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Why do not the muscles of immobile animals without food weaken in hibernation?

Ground squirrels eat a lot at the end of summer to prepare for hibernation. They need to store a lot of energy as fat. During the winter, this fat will be the main fuel source for squirrels in their hibernation nests underground.

During hibernation, ground squirrels enter a state called sluggishness (torpor). Their metabolism drops by as much as one percent in the summer, and their body temperature can approach freezing.

Slowness greatly reduces the amount of energy the animal needs to survive until spring. Of course, this long-term fast has a downside: there is no new input protein. Protein is vital for the preservation of tissues and organs, and not getting protein is especially problematic for muscles.

In humans, long periods of inactivity, such as prolonged bed rest, lead to muscle wasting. But muscle breakdown in animals in hibernation is minimal. In these animals, despite 6 to 9 months of inactivity and lack of protein intake, muscle mass and function are well maintained. This helpful adaptation will help ensure a successful breeding season in the coming spring.

But where does this ability of hibernating animals come from? For decades, this has been a mystery to biologists studying hibernation. Recently, researchers investigated the role of intestinal microbes in these animals in helping maintain muscle during hibernation.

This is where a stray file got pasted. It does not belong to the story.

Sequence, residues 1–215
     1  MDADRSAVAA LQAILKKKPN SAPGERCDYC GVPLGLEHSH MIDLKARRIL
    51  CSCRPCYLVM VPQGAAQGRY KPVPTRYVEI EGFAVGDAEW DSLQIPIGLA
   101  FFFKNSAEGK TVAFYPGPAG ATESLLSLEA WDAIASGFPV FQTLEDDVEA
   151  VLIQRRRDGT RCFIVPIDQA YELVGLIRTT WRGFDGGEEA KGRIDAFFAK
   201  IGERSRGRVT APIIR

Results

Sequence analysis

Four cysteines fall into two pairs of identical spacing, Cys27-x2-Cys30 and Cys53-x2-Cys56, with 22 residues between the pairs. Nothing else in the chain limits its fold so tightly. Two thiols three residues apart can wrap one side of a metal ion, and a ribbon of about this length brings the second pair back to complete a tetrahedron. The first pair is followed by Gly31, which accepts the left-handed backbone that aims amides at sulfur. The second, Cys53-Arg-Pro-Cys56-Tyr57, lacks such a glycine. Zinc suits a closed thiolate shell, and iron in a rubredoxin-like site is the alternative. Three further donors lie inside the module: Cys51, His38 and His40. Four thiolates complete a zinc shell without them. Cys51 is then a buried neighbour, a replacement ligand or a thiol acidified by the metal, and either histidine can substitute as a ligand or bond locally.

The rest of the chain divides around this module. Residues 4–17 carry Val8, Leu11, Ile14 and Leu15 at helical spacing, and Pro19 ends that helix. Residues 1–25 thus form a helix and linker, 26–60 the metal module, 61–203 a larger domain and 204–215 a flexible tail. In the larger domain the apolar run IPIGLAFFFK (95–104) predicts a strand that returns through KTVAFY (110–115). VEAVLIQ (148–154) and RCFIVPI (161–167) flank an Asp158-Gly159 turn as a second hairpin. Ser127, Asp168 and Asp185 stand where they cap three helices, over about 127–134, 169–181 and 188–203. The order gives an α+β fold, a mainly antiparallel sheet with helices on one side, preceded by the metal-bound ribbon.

Ground squirrel in winter sleep

The leopard ground squirrel shows the least signs of muscle wasting even after 6 months of hibernation.

Nitrogen recycling system

Past research has shown that the digestive system of hibernating animals undergoes significant changes in structure and function. Of course, these are not the only animals that fast all winter, their intestinal microbes do the same.

Researchers in a new study have found that winter fasting alters the gut microbiome significantly. They then questioned whether intestinal microbes could play a functional role in hibernation. Do some bacteria help maintain muscle and other tissue function when animals are not eating?

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Biologists have previously identified clever tricks in ruminants such as cattle that help them survive when dietary protein is low or protein requirements are high (such as during pregnancy).

A process called “urea nitrogen recycling” allows the animal to recycle nitrogen (a vital element for making protein), otherwise urea is excreted in the urine. Through this process, urea nitrogen is stored in the body and used to make amino acids, the building blocks of proteins.

The process of urea nitrogen recycling depends on the chemical decomposition of urea molecules to release nitrogen. But the important point is that the chemical decomposition of urea requires “urease” and urease is an enzyme that is not produced by animals. So, for example, how does a cow get that nitrogen from urea?

Certain microbes that are normal inhabitants of the animal gut can do this. They make the enzyme urease, which they use to chemically break down urea molecules and release nitrogen, which becomes part of the ammonia molecule. The microbes then absorb ammonia and use it to make new proteins for themselves.

Urea molecule

A model of the urea molecule, with two nitrogen atoms (blue) along with one carbon atom (gray), one oxygen atom (red) and four hydrogen atoms (white)

Gastrointestinal characteristics of ruminants allow these animals to recover urea nitrogen. But for other animals, such as hibernating animals, it was not clear whether urea nitrogen could help the body make protein. The challenge for scientists was to demonstrate urea nitrogen recycling in hibernating animals.

Experimental design